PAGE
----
This is the second of a three part series (broken up for length) on the 10 most valuable entrepreneur lessons I learned from playing poker on a semi-professional level. If you haven’t read the first part yet, read it here.
4: Ability to Disregard the Value of Money
By far one of my most interesting observations of the effects of my poker playing was my conditioned ability to disregard the value of money. I would sit at a table, often betting, and sometimes bluffing with, thousands of dollars. I was young and didn’t have much of it… this was a big deal. I didn’t think about how many months rent was being pushed toward or pulled away from me. Thinking about that is bound to affect one’s play in a negative manner. A nervous, fearful player is a losing player. This sort of mindset took time. But it’s not simply blind ignorance that allows a player to disregard the value of money. I knew my own metrics. I was well aware that I would win some and lose some. I knew that in the long-run, I would win more than I lost because I remained focused and disciplined. I trusted my own play and talent, knowing I was better than the average player.
Startup Application: In the beginning, its good to worry about money and its value. Keeping close tabs and being nervous about your burn-rate is probably a good idea. But eventually, you’ll find yourself with more money than you’ve ever had access to. The bets will become much larger and much more meaningful from a monetary standpoint. This, in the startup world, is known as raising venture capital. Your burn rate will increase to levels you would have previously deemed insane. How you adapt and handle this change will be vital to your survival. Panic and you will go down in flames. Trust your metrics and you’ll be fine.
It’s also important to note that this perception of money only applied at the table. The ability to build a bankroll and manage it wisely away from the table is imperative to the longevity of a player, just as it is imperative that a startup CEO doesn’t start spending lavishly on things that don’t contribute to the bottom line.
5: Money Management
Most professional poker players have gone completely broke, often more than once. However, they have a public reputation for being great players and are usually able to find backers to get back on their feet. In contrast, the aspiring professional (first time entrepreneur) will have a much longer road to a second chance. Risking more of your bankroll is a foolish, irresponsible thing to do and is often the demise of many otherwise talented players.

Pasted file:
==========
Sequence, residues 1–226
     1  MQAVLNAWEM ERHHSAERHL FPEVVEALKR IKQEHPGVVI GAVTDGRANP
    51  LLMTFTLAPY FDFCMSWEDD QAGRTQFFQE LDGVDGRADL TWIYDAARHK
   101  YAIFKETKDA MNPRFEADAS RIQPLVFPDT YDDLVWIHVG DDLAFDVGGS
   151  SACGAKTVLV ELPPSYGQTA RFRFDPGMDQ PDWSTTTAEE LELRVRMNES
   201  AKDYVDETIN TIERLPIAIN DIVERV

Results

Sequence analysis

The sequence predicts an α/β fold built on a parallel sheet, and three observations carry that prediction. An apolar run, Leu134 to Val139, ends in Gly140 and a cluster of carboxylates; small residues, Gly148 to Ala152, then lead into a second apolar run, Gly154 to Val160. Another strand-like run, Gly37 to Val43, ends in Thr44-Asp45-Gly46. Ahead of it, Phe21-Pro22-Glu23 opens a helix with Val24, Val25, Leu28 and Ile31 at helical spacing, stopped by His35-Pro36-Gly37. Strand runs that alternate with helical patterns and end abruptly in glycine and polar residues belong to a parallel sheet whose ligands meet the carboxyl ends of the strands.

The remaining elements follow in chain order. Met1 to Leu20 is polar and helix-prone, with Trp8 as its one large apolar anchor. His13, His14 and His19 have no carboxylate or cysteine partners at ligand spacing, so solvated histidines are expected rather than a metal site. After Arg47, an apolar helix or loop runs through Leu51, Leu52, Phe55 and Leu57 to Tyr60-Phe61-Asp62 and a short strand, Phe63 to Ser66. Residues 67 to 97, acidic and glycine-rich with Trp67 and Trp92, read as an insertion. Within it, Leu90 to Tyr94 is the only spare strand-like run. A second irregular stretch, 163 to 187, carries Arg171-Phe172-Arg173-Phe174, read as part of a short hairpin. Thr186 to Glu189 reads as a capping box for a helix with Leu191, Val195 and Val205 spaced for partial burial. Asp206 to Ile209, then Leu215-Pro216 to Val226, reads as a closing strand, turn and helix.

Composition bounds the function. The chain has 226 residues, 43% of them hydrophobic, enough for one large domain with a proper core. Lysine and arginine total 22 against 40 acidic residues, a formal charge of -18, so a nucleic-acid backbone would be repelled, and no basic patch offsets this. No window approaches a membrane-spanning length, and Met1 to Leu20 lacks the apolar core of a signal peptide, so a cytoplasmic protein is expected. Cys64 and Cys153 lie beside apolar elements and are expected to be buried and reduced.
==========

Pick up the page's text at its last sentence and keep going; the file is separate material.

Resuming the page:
Startup Application: As the CEO of a startup, you must spend your funds wisely. I’m not saying you should be stingy. But being thrifty, creative, and smart with where and how you’re spending your funds is critical. It’s easy to start running good and feel like you’re on top of the world. It’s here where you usually start to get cocky and make poor monetary decisions.
6: Owning the Outcome
I’ve always been a quick learner, poker was no exception. Part of this comes from learning from your own mistakes. I did my fair share of it. One of the most important inhibitors of poor players becoming average, and average players becoming great, is their inability to take ownership of their mistakes. Poker is an interesting game… you can do the right thing and still lose. However, most of the time losses and poor outcomes can be traced back to poor decisions. Most players refuse to accept this, often blaming ‘luck’, another player that ‘shouldn’t have been in the hand’, or best of all ‘the dealer’. There’s no shortage of excuses for why people lose hands. Sadly, this attitude has the undesirable effect of never improving one’s game. The constant blame on external, uncontrollable factors will prohibit these players from ever being open minded to the fact that they messed up. In turn, they will never learn from their mistakes and never become better.
Startup Application: As the CEO of a startup, you have the final say on all decisions. Your board, your employees, even your friends may provide input, but ultimately the decision lies with you. If you can’t accept this and, in turn, accept that when your decisions result in undesirable outcomes, you’re to blame… then you shouldn’t be the CEO. Get out of the game and try something else. Maybe you were meant to be a dealer, pit-boss, or some other role.
7: Building Something from Nothing
I started playing poker with just $50. I never directly committed more out-of-pocket than this. I patiently built my bankroll, played with discipline, and worked my way up to bigger and bigger games. I also managed to teach myself how to play the game. I read blogs, books, and observed other tables and games either online or on television. I built my own skills, abilities, and bankroll from nothing.
Startup Application: Building a startup is all about building something from nothing. If you’ve never done it before, you’re at a great disadvantage. I consider my stint as a poker player a startup of its own. There’s a ridiculous amount of knowledge available to first time entrepreneurs that wasn’t available 10 years ago. Utilize it. When I began playing poker, its mainstream popularity was really taking off. There was more information and more people playing poker than ever before. Without those available resources, I’m not sure what I would have done.